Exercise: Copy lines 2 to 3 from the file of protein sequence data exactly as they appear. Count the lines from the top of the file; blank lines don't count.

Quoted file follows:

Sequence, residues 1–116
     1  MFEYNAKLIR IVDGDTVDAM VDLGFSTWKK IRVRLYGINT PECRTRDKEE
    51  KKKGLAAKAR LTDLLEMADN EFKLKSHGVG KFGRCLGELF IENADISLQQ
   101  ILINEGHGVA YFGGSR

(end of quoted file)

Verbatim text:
     1  MFEYNAKLIR IVDGDTVDAM VDLGFSTWKK IRVRLYGINT PECRTRDKEE
    51  KKKGLAAKAR LTDLLEMADN EFKLKSHGVG KFGRCLGELF IENADISLQQ